The main story that people tell me is that I’m weird. Not only weird — people have described me as wacky, a freak, out there, Janet From Another Planet, the list goes on. I gotta say, this is one story I think I hate the most. None of these terms is nice. Weird is not positive. Weird is derogatory. Most people who call me weird seem to be worried that they might lose their social standing by associating with me. Calling me weird is their subtle attempt to distance themselves from me and therefore, not look bad. For whatever reason people call me weird, I don’t like it. Eccentric would be a better term, if we insist upon labels. But one thing I will agree: I stick out.

After reviewing others’ stories about me, it became clear they were not very accurate. Because I am the only one who knows me. And I have to accept this simple truth: all that I am was given to me. I didn’t choose to hate Indian food anymore than I chose to love toy robots. My only job is to accept who I am completely and love myself as I am. So that’s what I’m trying to do: stop telling old stories and write myself new ones rooted in truth.

My entire goal this year is to be authentic. I want the people in my circle to be there because of who I am, not despite it. However, in order to find the people who genuinely like me, I not only have to figure out my stories, I have to deconstruct the stories of others. In the past, I’ve clung to false stories about friends because I didn’t want to face the truth: normally that someone didn’t like me or was mistreating me. But now, no matter who they are, I have to allow myself to see the truth.

I think it would benefit us all — the healthy and the healing — to determine our stories and our truths. Even if we’ve been brainwashed our whole lives, that little voice in the back of our heads knows who we truly are. Continually reviewing and editing our stories to fit our current truths ensures that the stories help to move us forward and not hold us back.

But the transformation of self is a daunting task. My stories are so rooted in my emotional foundation, I feel like I need dynamite to dislodge them. But they are merely stories and as such, can be edited and changed. And I can’t wait to put my writing talents to work on my personal story. So far, all I’ve got is that I’m not weird. In my opinion, it’s a hell of a start.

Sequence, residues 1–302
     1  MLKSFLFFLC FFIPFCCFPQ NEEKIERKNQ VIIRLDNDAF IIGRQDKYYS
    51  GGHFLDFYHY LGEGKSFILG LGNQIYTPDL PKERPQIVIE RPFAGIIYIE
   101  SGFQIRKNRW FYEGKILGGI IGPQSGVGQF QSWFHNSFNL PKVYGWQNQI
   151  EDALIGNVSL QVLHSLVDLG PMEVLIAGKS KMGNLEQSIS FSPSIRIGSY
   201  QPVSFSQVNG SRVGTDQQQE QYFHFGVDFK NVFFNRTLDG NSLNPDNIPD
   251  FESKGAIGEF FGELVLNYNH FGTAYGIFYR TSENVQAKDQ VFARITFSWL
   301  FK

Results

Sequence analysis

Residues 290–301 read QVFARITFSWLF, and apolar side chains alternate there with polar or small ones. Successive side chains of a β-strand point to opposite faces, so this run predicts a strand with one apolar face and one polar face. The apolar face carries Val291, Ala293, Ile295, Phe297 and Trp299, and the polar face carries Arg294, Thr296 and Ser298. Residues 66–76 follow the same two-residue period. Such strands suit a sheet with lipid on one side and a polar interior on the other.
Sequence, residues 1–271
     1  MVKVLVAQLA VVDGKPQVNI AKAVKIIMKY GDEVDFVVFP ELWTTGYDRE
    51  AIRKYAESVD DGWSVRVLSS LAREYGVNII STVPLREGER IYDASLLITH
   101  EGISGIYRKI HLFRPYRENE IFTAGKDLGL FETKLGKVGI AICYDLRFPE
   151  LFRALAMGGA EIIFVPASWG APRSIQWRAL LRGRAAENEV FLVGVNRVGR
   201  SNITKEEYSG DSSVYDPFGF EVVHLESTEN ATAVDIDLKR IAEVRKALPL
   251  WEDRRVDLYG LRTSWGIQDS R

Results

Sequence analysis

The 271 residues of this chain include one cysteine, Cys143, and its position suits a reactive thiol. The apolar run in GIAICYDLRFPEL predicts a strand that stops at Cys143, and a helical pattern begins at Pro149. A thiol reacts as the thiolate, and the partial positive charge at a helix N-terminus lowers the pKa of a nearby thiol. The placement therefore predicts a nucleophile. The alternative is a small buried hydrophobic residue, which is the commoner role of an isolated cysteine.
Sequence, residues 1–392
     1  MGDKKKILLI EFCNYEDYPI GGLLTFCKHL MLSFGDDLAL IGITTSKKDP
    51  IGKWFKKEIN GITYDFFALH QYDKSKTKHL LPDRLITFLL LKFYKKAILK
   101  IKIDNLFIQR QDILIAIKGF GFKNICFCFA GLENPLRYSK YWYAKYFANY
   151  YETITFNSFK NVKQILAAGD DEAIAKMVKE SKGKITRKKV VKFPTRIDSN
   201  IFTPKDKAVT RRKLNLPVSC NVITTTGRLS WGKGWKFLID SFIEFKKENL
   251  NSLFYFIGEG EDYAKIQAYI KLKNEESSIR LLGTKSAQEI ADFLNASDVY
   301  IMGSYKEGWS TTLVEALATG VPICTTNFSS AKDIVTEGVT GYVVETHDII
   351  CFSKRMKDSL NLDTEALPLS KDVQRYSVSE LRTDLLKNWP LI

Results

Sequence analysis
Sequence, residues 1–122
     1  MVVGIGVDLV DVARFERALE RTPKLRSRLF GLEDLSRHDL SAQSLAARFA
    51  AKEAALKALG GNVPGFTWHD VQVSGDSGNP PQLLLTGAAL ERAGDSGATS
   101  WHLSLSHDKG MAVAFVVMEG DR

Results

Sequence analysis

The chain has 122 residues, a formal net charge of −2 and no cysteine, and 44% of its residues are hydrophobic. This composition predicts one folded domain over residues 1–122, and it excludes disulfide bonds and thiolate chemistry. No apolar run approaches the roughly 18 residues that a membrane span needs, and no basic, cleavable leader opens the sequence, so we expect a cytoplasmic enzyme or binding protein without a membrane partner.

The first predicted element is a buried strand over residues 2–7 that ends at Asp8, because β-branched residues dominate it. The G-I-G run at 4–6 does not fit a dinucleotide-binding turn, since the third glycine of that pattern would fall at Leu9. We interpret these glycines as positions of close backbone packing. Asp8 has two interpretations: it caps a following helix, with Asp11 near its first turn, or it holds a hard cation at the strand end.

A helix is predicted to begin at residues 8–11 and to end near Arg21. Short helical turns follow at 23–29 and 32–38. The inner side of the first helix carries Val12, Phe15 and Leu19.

© 2012 Janet Periat

Neither A Slut Nor A Whore

April 9th, 2012

Okay, so I promised myself I wouldn’t write about religion or politics anymore, but this renewed War on Women infuriates me.

The extreme Christian right has recently pushed through laws mandating state-sanctioned medical rape (a transvaginal sonogram) in order to get an abortion in Texas; Topeka, Kansas has decriminalized domestic violence; Republican congressmen want to redefine rape, and Colorado Republicans want to make taking the morning-after pill a first-degree homicide. I’m waiting for the ultra-conservatives to start promoting Christian burhkas.

I was baptized in the Protestant church and was fed their toxic, anti-woman dogma since I was a baby. I received the same brainwashing in school and in society. Gradually, over my lifetime, women’s rights progressed. But now, the extreme Christian right has dredged up all this old toxic waste again, lobbed it straight at us and—in parts of the country—have dragged women back to the cave. And I want to beat them all bloody for it.

What the toxic programming has done to my mind is criminal. No one should have these thoughts about themselves. No one deserves these messages. Pets are treated better. I’ve been in therapy for five years trying to rid myself of the poison. And it’s still an on-going battle.

I was taught that I was dirty because I was a woman. I was taught to be ashamed of myself. That everything was great until The Original Sin when women (Eve) ruined the entire world. I was taught that I was a weak moron who wasn’t capable of doing anything but pressing buttons on a typewriter, a dishwasher, or making babies. I was not expected to do well in math, science or sports. I was not encouraged to get an education. I was not encouraged to take care of myself, only others. If I wore a short skirt, I deserved to be raped. If my husband hit me, it was my fault. I had no value unless I was married, and single women were the most pathetic creatures in the universe. Women were harping, gossiping, shallow, vain idiots who needed permanent guidance—children who couldn’t handle responsibility or make decisions.